Everybody said they didn’t want a government shutdown.
There even seemed to be an easy way out: Democrats get a compromise to deal with hundreds of thousands of undocumented immigrants brought to the U.S. as children in exchange for President Donald Trump’s demand for tighter border security with Mexico, including his oft-mentioned wall.
The compromise never materialized. The White House wouldn’t cede on legal status and Democrats dug in on refusing to fund the government without it. And suddenly, the collapse of this potential solution — a border barrier for a plan known by the acronym DACA — drove the nation to its first shutdown since 2013.
That this issue could shutter the government speaks to the powerful hold the immigration issue has on both parties’ most enthusiastic voters — to Democrats’ vision of themselves as an party of inclusion and to Republicans’ vision of themselves as defending the very idea of what it means to be an American.
For Democrats, a restive voting base was exerting maximum election-year pressure on lawmakers to use the Jan. 19 shutdown deadline to fund the government as leverage to secure a long-sought policy victory: protecting some 690,000 young undocumented immigrants registered under the Obama-era Deferred Action for Childhood Arrivals program, known as “dreamers.”
Republicans have challenged the legality of DACA and Trump has directed an end to it in March.
‘No Going Back’
“If Democrats don’t force Republicans to come to the table and keep their promise to protect the dreamers, 800,000 people could be deported,” said Jon Favreau, a former speechwriter for President Barack Obama who’s been using his media company to fire up a hard core of activist Democratic voters. Once they’re gone, “There’s no going back.”
Democratic elected officials are propelled by their growing reliance on Hispanic voters and their belief that they’ll be rewarded by if they take a hard line in favor of dreamers, who are mostly of Latino origin. Hispanics make up about 18 percent of the U.S. population and one of the fastest growing demographic groups in the country.
“The dreamers are members of our community who have been with for as long as they can remember and don’t even know another country,” said Senator Jeff Merkley, an Oregon Democrat. “We don’t like people abusing our community members, which is exactly what the president has been doing.”
American voters say 73 percent to 21 percent that people brought to the U.S. illegally as children should be allowed to stay and gain legal status, according to a Quinnipiac University poll released Thursday, before the shutdown. But there’s risk for Democrats: A CNN poll Friday showed that Americans don’t support a shutdown over the issue — 56 percent said avoiding a shutdown is more important, while 34 percent said finding a solution for the DACA program should take priority.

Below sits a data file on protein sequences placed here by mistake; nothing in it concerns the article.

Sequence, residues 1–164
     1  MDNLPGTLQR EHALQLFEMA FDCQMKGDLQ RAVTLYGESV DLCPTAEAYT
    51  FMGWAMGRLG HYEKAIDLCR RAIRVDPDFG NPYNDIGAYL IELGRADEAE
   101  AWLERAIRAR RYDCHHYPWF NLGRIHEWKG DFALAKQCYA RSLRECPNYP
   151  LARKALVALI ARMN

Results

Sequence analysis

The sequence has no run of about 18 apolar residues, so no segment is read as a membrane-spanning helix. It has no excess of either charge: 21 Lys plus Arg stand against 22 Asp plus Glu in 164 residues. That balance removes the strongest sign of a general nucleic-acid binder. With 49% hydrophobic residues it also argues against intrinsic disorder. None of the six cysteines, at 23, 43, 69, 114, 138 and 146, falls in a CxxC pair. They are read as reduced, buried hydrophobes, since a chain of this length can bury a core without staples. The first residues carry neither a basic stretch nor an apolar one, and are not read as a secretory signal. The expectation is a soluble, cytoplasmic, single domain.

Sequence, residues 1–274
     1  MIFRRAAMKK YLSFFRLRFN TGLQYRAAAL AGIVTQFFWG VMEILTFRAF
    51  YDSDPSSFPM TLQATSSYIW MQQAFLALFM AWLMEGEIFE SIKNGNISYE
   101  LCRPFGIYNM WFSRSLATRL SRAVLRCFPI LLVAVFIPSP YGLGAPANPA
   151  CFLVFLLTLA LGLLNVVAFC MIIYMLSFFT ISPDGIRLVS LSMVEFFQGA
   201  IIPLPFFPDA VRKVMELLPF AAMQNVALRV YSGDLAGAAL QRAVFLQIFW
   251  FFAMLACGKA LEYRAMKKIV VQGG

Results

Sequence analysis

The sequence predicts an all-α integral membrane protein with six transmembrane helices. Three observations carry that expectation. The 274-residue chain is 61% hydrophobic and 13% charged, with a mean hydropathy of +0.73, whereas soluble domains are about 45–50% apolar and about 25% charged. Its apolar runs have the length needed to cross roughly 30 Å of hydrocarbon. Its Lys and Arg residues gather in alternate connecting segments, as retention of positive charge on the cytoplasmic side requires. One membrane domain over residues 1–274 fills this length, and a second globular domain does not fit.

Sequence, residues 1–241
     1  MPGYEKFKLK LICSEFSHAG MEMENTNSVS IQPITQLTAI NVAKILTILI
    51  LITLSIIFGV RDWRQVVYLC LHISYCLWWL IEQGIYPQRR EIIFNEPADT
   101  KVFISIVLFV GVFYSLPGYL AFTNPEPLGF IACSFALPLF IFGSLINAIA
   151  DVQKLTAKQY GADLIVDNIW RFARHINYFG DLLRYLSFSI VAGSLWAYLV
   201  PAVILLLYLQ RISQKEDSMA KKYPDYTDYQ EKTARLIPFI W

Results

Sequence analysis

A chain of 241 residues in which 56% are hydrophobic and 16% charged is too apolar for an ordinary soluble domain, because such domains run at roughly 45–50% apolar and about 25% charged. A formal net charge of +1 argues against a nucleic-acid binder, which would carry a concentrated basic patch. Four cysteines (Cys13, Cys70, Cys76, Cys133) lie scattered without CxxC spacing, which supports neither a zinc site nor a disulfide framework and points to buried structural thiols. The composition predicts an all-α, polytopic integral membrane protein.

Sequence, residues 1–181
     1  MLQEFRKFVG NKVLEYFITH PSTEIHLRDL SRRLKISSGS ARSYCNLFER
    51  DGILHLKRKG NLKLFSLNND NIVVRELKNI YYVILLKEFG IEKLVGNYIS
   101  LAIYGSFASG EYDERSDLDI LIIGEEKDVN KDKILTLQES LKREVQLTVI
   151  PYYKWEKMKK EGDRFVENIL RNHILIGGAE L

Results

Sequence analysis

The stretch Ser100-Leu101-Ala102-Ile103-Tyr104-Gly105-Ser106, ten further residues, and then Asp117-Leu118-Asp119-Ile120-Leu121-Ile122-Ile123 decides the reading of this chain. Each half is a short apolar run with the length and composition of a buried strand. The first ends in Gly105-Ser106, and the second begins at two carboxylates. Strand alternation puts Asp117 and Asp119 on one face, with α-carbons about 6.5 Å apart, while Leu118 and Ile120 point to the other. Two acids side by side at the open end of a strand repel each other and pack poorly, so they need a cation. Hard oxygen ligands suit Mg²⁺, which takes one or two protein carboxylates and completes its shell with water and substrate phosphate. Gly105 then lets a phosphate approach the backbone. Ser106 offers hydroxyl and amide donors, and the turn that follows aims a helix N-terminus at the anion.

Republicans are conflicted on immigration. Trump, who has promised to build a wall on the southern U.S. border and had directed tougher enforcement on immigration laws, has talked about his compassion for the dreamers. During a meeting with lawmakers Jan. 9 at the White House, he said legislation to protect them “should be a bill of love.”
South Carolina Senator Lindsey Graham, one of the leading Republican proponents of immigration legislation, has been nudging Trump for months on the issue. He’s been a golf partner and offered the president public praise after being one of his leading critics during the campaign.
But when Graham offered up legislation to resolve the DACA dispute, co-sponsored with Democratic Senator Dick Durbin of Illinois, Trump rejected it. Graham was one of four Republican senators to vote against letting a Republican temporary funding plan advance to the Senate floor.
GOP leaders refuse to vote on that issue for fear of angering the anti-immigration part of their base unless Trump gets behind a proposal and provides them cover. But the president’s shifting stances have led to paralysis on immigration.
Linkage to Spending
To Republicans, the original sin of the shutdown was Democrats linking the funding bill to the plight of dreamers, two issues they consider unrelated.
“There’s only one reason we ended up here: the shoehorning of illegal immigration into this debate,” Senate Majority Leader Mitch McConnell said Saturday on the Senate floor. “Now having said that, there is a lot of sympathy in this body for doing something about the DACA kids.”
The Kentucky Republican conceded that Trump’s views on DACA “have not been made fully apparent yet” as he goes back and forth on what sort of deal he’s willing to accept. But McConnell insisted the government should remain open on a short-term basis while negotiations continue.
Democrats are skeptical Republicans will ever support the DACA resolution unless forced to, no matter Trump’s shifting positions.
“It needs to be attached to major spending bills so it makes it to the Oval Office,” Merkley said.
But that position has only inflamed GOP hardliners.
“By forcing this government shutdown, Senator Schumer and his colleagues are putting unlawful immigrants before America’s lawful citizens, children, and our troops,” said House Judiciary Chairman Bob Goodlatte, referring to Democratic Senate leader Chuck Schumer. “No discussions on including DACA in this funding bill should be on the table while Senator Schumer and his allies hold the American people and our government hostage.”
Democrats are “fixated on amnesty,” said Senator John Kennedy, a Louisiana Republican. “I just think this is a manufactured crisis.”
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